Tag Archives: mars

The Mars Plan

spacex-mars-interplanetary-transporter-launchTo say that I was excited about SpaceX’s mars plan announcements last month would be an understatement.  Their plan is ambitious and exciting and my first thought was: “where do I sign up?”

For those of you who haven’t heard at this point, they want to transport people, 100-200 at a time, to Mars to found a colony and they want to begin doing it in 2024.  SpaceX’s goal is to do this in eight years.  Eight years.  After they get the tech ironed out, they want to have a real colony, planning on a million residents.

To say this is a big effort would be a massive understatement.  Can they really do it in this period of time?  I have no idea. There’s so many regulatory and technological hurdles, that I wouldn’t be surprised if they run into delays.

But all the same, I’m hopeful.  Over the past twenty years, it seems all that governments have done with space is to say “we can’t.” I’m excited because SpaceX is trying.  It’s going to cost them ten billion dollars… but if they pull it off it will be incredible.

Still, that leaves me with some comments on their plan.  They’re going to use liquid oxygen and methane for their ITR.  It makes sense, they can probably produce both on Mars once they have a colony up and running.   I can’t help but feel nuclear propulsion, that is, using fission processes to heat water or gas and then ejecting it out a rocket nozzle,  would be a more viable alternative.  It’s far more fuel efficient and when you’re going to be reusing a rocket anyway, it seems like a better alternative.

Granted, that might limit the rocket’s use to space due to the general public’s terror of all things nuclear and radiation.  Still, build it on Earth, get it into space, and then use it as a space-taxi to service all your needs.  Maybe in a few years, huh, guys?

My other thoughts: assuming this does get off the ground, it’s going to be huge.  We’re not talking a visit and that’s it, we’re talking a million people living on another world.  Our technology now makes that a long voyage under the best of times.  This will be our generations’ Plymouth Rock (Hopefully not Roanoak).  This is the start of something new, something amazing… and we need to do our best to make sure it succeeds.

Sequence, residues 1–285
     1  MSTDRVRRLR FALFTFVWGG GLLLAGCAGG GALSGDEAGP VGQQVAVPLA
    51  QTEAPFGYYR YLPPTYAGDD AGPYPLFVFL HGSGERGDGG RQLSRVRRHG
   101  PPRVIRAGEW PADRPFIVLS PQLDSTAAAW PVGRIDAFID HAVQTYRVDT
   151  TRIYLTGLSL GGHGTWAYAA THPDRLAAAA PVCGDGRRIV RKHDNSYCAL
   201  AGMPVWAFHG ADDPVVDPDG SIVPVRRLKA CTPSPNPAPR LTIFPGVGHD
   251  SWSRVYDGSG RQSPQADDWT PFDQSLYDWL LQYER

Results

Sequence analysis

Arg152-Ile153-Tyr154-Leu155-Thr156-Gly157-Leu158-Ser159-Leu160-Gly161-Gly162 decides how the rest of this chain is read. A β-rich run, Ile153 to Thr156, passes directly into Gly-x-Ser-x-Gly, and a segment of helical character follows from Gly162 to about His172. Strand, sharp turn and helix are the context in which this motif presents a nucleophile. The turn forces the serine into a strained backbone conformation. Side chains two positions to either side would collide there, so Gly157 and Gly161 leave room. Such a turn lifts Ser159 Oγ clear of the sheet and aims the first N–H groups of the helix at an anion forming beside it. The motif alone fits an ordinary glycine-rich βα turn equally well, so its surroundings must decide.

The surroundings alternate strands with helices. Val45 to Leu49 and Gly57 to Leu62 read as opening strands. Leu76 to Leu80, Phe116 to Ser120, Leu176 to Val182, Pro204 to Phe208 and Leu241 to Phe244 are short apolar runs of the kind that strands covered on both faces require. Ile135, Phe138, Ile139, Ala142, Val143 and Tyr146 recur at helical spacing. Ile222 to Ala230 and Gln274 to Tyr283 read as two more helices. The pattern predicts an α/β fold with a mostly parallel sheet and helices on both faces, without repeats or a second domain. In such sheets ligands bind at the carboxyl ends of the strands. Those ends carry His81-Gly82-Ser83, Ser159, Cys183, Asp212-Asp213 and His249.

I tip my hat to Elon Musk… and I’m glad he continues to dream big, especially when so many other people are looking at the ground.  I’ll finish this with the first question I asked: Where do I sign up?


Rental Movie Review: John Carter of Mars

I just watched John Carter of Mars on BluRay. This is the second time I’ve seen it, the first being when I was deployed to Afghanistan. It was something of a shock to me, because I heard it did terribly, yet when I watched it I thought it was pretty epic. The casting was great, the relutant hero and conniving villain were entertaining, and the characters were well defined. Yes, the main character jumps around like a grasshopper on PCP. The movie isn’t spot on science… but it’s fun, exciting, and epic, something you don’t see a lot of anymore… so why did it flop?

I did a bit of research, after watching it again. There were a number of problems, I think. Bad marketing, for one. I watched a few trailers, and it looked like they just didn’t know how to market it… was it action? Was it comedy? Or was it science fiction? The next issue was that they made some changes to the original books. It looks like a lot of the Edgar Rice Burroughs fans are die-hard fanatical types… which isn’t bad, but Disney didn’t try to win them over, they just made the movie and assumed people would love it. It looks like there’s a lot of backlash in the reviews from long-time fans of the John Carter series. It also received some rather harsh reviews from critics, mostly, it seems, because it was too whimsical and fantastical. Then again, who really listens to the critics any more about a fun movie?

Anyway, back to the movie. John Carter, disillusioned from the war (Civil War) goes searching for gold and finds more than he bargained for… and ends up on Mars, smack in the middle of a war. It has combat, adventure, some hand-waves at science, and an underlying message and theme about fighting for your beliefs. What’s not to like? John Carter is some of the original space opera, the inspiration for later franchises like Buck Rogers, Star Wars, and a host of others.  For a good popcorn flick and an introduction to the John Carter universe (I highly recommend the books), pick it up and give it a shot.